Emmy learns not to be a sore loser in Tales You Lose, after she throws a big stink about losing the soccer match and saying she'll never play again, and then mouthing off to the dragons when she loses again at freeze. Personally, I wouldn't mouth off to a dragon, but then, I'm not a delusional six-year-old either. Emmy learns that she can lose and still have fun—just in time!

Finally, the kids deal with a bully dragon in Bully for You when visiting the Dragon School. Seems dragon kids are snotty little species-ists who hate humans. But everyone eventually learns that being different is OK, and being a bully is wrong.

Looking for something to amuse your kids? You could do worse.

Rating for Style: B
Rating for Substance: B


Image Transfer

Aspect Ratio1.33:1 - Full Frame
Original Aspect Ratioyes

Image Transfer Review: The animation here looks pretty good, though the clarity of DVD shows off some of the technical goofs in the drawing a bit. Colors look very strong, are there's little in the way of print flaws or artifacts. However, the picture looks a little grainy at times, and suffers from some line jitter.

Image Transfer Grade: B+


Audio Transfer

 LanguageRemote Access
DS 2.0English, Spanishyes

Audio Transfer Review: This is a vanilla transfer. Everything is confined to the front soundstage and features little in the way of expansion or effects. Dialogue is always clear and well mixed with the music, which expands things a bit. About as basic as you get, but that's OK.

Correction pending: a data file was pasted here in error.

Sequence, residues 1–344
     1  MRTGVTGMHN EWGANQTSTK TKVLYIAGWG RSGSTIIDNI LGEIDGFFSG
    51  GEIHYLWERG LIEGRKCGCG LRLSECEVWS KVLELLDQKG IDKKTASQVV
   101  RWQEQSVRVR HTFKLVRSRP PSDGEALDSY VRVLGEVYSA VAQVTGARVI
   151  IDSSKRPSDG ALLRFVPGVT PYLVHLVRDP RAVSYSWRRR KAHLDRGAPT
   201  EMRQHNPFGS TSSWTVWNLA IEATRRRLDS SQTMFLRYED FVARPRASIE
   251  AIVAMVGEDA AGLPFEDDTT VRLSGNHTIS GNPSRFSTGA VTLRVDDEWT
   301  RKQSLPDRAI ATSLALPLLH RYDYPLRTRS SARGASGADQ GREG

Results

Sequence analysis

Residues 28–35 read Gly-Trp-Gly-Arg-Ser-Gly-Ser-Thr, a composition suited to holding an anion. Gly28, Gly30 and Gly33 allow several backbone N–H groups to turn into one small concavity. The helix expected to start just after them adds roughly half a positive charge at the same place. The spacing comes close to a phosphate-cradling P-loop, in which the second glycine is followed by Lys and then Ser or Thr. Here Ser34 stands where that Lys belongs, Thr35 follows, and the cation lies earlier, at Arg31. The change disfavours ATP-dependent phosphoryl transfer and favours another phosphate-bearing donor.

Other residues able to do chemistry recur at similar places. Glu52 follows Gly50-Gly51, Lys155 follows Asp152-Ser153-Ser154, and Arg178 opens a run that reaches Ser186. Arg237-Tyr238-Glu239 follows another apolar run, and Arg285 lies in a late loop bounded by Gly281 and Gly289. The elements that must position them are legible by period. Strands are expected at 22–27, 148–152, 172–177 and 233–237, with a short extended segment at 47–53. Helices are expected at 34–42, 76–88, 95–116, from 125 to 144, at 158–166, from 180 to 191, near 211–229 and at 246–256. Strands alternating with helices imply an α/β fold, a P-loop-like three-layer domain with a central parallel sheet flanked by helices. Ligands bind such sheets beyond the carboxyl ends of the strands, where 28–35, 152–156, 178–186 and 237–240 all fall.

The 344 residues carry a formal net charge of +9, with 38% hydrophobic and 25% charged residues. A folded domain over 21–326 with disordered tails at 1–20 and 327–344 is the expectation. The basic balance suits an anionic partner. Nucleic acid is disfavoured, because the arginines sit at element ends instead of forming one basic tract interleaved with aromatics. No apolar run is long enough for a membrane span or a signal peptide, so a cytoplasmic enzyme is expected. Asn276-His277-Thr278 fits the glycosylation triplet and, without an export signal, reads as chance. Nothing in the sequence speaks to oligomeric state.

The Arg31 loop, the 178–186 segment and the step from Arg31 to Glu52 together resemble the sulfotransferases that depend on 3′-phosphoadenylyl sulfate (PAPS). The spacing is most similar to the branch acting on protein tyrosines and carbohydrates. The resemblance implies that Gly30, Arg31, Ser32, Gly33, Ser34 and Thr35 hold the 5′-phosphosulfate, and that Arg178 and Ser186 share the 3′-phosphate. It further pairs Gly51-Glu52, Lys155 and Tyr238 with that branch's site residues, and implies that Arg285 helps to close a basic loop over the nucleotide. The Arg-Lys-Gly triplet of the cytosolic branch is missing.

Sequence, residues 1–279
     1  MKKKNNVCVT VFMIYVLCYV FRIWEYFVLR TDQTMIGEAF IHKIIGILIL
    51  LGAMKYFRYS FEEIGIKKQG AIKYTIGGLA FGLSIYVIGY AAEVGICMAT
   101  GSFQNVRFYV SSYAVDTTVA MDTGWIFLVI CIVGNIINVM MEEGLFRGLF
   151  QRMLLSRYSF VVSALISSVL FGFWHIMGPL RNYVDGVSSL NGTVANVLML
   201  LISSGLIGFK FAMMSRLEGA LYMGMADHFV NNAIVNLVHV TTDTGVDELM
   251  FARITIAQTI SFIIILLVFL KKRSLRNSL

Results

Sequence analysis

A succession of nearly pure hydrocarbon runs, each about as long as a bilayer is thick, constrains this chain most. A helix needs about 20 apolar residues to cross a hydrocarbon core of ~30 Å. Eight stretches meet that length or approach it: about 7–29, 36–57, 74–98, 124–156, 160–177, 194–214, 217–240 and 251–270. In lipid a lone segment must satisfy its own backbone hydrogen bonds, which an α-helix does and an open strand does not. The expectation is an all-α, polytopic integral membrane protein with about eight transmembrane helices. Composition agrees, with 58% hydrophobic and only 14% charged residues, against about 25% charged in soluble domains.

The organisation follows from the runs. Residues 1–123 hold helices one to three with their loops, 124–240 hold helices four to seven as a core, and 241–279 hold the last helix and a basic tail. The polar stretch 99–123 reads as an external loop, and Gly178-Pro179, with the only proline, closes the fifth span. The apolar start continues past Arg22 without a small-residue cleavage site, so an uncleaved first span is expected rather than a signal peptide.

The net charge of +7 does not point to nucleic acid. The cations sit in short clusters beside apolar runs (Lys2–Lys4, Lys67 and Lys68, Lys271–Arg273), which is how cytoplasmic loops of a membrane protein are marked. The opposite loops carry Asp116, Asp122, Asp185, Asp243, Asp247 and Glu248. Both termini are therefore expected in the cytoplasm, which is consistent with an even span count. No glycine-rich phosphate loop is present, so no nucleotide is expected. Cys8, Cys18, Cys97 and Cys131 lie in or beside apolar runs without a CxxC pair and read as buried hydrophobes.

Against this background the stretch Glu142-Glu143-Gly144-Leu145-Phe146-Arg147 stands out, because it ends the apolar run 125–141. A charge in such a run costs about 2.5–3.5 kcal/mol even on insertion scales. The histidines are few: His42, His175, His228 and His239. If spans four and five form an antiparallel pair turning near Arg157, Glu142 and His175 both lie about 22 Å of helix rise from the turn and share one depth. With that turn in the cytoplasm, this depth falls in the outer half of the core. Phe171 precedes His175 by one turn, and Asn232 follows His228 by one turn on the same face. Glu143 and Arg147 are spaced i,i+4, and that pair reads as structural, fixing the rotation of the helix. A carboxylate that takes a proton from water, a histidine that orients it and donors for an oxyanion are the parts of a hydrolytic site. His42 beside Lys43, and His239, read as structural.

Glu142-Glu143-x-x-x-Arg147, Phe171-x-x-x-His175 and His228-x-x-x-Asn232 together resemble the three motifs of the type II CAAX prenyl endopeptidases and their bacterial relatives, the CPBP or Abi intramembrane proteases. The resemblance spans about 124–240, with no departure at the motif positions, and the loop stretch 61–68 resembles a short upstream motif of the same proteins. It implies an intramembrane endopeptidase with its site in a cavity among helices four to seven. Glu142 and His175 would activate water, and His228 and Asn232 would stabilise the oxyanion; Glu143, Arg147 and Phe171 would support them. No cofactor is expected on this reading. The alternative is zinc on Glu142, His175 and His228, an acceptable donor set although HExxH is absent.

Audio Transfer Grade: B


Disc Extras

Static menu
Scene Access with 5 cues and remote access
Subtitles/Captions in English, Spanish, French with remote access
1 Original Trailer(s)
3 Other Trailer(s) featuring Bear in the Big Blue House, The Trumpet of the Swan, Jay Jay the Jet Plane
Packaging: Amaray
Picture Disc
1 Disc
1-Sided disc(s)
Layers: single

Extra Extras:
  1. 4 Dragon Tale Sing-Alongs
Extras Review: When the kids finish with the program, they can play with the extra features, guaranteed for them to enjoy (And you? To annoy). Aside from trailers for other Columbia TriStar videos for them to pester you about (included are Dragon Tales and spots for Bear in the Big Blue House, The Trumpet of the Swan, and Jay Jay the Jet Plane), there is a sing-along section with four songs and dances. The words appear on the screen karaoke-style, for moments of fun!

Extras Grade: C-


Final Comments

A decent little kids show, Dragon Tales is a fine choice for parents of children five and under. They aren't as educational as many youth programs, but they are well drawn and entertaining, and should hold children's attention. I still say the shows of yore were better, though. Give me Sesame Street or Mr. Roger's Neighborhood! Not that Captain Kangaroo, though. That guy was a weirdo.